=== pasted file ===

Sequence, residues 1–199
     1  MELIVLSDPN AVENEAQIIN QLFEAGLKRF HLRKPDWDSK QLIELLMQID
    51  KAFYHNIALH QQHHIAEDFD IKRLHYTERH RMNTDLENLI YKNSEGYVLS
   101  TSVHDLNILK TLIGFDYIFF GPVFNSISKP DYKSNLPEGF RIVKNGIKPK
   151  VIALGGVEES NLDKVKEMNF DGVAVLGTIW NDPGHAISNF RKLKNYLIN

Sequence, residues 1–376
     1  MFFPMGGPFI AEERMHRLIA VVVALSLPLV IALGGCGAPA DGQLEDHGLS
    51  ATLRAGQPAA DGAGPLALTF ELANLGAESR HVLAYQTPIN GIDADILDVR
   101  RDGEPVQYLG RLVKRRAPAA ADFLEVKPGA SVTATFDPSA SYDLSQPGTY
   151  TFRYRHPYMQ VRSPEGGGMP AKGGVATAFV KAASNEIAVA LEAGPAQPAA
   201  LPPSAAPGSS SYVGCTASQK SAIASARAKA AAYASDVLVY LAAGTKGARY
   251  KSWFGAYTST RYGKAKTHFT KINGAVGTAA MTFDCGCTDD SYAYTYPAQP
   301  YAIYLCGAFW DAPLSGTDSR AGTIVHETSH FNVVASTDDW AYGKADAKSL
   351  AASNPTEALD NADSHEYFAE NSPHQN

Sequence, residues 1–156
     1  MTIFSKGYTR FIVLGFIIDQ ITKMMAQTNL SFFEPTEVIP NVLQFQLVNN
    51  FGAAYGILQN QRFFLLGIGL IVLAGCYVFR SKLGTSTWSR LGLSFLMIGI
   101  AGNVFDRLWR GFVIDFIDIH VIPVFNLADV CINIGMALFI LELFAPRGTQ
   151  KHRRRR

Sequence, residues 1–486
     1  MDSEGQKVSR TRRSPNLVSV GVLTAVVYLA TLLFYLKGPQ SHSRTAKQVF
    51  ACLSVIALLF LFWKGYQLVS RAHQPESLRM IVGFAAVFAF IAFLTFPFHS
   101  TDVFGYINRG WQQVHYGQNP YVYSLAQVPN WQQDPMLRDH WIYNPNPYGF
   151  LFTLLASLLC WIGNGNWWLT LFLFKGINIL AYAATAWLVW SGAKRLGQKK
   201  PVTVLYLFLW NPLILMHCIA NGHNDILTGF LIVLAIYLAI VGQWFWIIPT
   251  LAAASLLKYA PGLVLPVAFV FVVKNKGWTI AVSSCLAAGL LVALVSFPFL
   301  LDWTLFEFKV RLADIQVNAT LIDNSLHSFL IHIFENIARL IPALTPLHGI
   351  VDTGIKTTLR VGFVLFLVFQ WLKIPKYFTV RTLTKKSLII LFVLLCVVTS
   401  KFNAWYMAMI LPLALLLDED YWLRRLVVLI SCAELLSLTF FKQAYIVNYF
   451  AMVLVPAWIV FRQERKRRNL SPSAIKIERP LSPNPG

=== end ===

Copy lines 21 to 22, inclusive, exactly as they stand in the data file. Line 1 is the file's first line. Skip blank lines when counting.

     1  MDSEGQKVSR TRRSPNLVSV GVLTAVVYLA TLLFYLKGPQ SHSRTAKQVF
    51  ACLSVIALLF LFWKGYQLVS RAHQPESLRM IVGFAAVFAF IAFLTFPFHS